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Douro Climate
The Douro Wine Region has a long history of wine production across a diverse array of landscapes and climates. This research examined the climate structure, variability and trends of climate in the region with the goal to establish a baseline understanding from which changes in climate can be made. Spatial climate data for 1950-2000 shows that the Huglin Index for the region averages 2160, however, due to the diverse terrain, the region spans five different classes suitable for viticulture being 50% a Warm Temperate climate, 35% a Temperate climate, 10% a Warm climate, and 5% a Cool or Very Cool climate. Three long-term stations in the region show greater warming in minimum compared to maximum temperatures with rates ranging from 1.2°C to 3.6°C during 1967-2010. Analysis of extreme events for the three stations reveals significant changes for both maximum and minimum temperature extremes, with overall warmer nights, warmer days, a general decline in the diurnal temperature range, a higher number heat stress events, some evidence for longer warm spells, and a clear reduction in cold spell durations. The region is also dominated by circulation features of the Atlantic-European sector that produce a strong winter-summer contrast in both temperatures and precipitation. Given the few trends in weather regimes, but significant trends in annual, growing season, and dormant season temperatures, the results point to a general warming that is not being significantly driven by regional circulation changes. Future climate conditions in the Douro Wine Region are projected to warm and dry over all emission scenarios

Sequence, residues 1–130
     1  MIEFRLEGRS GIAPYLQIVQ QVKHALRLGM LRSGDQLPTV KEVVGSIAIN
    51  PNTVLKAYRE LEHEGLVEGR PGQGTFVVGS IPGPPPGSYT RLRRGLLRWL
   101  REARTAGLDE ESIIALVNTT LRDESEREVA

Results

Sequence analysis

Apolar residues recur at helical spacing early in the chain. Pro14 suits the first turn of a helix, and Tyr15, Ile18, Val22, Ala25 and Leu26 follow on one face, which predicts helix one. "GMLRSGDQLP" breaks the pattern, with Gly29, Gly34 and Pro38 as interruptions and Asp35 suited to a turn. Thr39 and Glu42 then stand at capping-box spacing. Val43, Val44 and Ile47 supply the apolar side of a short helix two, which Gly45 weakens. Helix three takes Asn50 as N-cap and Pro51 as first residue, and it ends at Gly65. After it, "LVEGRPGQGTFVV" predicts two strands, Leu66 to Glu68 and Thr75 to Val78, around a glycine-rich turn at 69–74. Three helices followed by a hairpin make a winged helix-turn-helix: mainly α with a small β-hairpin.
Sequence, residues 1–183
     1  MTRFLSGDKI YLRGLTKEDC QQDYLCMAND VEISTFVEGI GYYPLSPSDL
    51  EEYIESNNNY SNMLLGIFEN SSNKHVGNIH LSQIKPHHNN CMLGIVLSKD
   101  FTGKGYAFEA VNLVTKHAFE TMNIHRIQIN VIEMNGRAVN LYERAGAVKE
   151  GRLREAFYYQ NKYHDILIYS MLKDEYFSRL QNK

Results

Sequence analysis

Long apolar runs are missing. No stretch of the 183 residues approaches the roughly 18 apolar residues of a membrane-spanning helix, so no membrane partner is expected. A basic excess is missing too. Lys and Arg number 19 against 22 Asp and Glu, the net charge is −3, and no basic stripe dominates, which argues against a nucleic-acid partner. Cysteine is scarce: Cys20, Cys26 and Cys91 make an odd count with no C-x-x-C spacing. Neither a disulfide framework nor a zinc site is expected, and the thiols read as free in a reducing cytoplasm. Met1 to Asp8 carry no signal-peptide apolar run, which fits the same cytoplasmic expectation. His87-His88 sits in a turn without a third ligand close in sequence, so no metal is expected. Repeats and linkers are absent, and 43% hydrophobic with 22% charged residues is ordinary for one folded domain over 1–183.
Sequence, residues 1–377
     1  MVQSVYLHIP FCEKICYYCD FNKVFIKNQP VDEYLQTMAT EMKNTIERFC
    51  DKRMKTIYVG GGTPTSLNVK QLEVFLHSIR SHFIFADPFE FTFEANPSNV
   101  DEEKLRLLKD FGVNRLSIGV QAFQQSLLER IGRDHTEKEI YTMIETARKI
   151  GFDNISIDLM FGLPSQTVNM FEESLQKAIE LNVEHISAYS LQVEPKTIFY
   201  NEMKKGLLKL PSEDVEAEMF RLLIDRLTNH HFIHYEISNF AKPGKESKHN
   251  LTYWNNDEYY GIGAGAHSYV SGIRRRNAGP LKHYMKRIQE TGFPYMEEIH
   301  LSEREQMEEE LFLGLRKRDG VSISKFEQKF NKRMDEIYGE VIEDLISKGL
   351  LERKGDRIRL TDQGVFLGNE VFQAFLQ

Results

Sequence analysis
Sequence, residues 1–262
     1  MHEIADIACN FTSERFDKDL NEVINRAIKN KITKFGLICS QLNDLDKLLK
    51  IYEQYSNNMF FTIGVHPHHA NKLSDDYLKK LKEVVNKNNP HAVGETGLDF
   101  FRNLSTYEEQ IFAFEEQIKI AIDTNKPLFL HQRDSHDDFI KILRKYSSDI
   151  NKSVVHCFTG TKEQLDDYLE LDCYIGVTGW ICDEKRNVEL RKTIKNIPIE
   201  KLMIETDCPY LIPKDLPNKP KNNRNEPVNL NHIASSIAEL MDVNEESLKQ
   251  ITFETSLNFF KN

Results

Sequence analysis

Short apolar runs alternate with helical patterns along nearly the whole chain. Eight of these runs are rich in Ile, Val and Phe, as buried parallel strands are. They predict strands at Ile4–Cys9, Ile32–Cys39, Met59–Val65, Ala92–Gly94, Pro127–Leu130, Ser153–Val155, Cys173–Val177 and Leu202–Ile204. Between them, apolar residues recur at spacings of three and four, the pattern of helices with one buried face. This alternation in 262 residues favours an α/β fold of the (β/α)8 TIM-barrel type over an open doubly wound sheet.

(B2, A1B, and A2) and for each time slice examined (2020, 2050, and 2080) However, the Douro Wine Region is rich in landscape and plant characteristics that may help mitigate the deleterious effects of climate change. By following sustainable approaches and being innovative across the entire production system the Douro Wine Region has and will continue to reduce its vulnerability and increase its adaptive capacity in the face of a changing climate.

The unique nature of the climate in the Douro is due to its location given that the Marão and Montemuro mountains serve as barriers that protect the region from the humid west winds that blow in from the Atlantic. Located in deep valleys, protected by mountains, the climate in the region is characterized by very cold winters and hot, dry summers.

The amount of rainfall varies throughout the region but in regular amounts all year. It is heaviest in December and January (in March, in some areas) and lightest in July or August. During the wettest months, monthly rainfall ranges from 50.6 mm (Barca d'Alva, Upper Douro) to 204.3 mm (Fontes, Lower Corgo). During the driest months, it may be as Low as 6.9 mm (Murça, Upper Corgo) or as high as 16.2 mm (Mesão Frio, Lower Corgo). In terms of the annual rainfall, this ranges from 1 200 mm (Fontes) and 380 mm (Barca d'Alva). In effect, one can say that the amount of rain decreases as one goes from Barqueiros to the Spanish border.

The amount of sunlight, a factor that is of great importance in describing the climate.